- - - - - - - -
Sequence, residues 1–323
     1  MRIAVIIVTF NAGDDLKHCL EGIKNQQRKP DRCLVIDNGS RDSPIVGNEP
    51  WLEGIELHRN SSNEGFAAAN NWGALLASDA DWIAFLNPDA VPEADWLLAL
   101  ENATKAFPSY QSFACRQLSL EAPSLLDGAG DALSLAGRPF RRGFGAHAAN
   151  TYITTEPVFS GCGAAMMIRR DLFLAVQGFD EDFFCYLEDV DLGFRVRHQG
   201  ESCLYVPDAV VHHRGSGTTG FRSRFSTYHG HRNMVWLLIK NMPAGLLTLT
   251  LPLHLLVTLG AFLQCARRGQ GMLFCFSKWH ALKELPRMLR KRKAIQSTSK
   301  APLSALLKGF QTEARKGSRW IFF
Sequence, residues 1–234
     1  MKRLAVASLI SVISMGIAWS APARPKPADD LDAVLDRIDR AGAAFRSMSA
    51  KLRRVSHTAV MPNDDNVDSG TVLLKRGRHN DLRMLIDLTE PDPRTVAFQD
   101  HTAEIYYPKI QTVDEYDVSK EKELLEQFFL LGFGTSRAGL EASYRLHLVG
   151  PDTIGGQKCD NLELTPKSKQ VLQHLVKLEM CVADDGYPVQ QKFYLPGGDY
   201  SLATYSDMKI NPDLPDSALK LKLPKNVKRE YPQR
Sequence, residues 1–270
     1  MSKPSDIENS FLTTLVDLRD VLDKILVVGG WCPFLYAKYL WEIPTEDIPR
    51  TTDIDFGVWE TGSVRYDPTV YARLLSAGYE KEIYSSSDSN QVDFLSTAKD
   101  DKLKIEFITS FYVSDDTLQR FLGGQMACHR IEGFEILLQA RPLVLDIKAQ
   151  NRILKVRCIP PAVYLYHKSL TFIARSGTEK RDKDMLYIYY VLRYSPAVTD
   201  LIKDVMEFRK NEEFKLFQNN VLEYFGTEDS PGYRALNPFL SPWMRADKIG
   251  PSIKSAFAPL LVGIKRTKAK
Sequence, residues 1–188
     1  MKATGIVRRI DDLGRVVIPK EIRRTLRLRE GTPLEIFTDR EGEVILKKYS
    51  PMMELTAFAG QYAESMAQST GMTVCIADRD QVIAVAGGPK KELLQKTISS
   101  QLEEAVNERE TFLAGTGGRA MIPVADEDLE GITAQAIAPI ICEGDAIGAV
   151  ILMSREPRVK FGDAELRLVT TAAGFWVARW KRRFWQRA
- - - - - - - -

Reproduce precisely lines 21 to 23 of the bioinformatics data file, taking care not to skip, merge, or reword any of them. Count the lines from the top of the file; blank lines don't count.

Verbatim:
   251  PSIKSAFAPL LVGIKRTKAK
Sequence, residues 1–188
     1  MKATGIVRRI DDLGRVVIPK EIRRTLRLRE GTPLEIFTDR EGEVILKKYS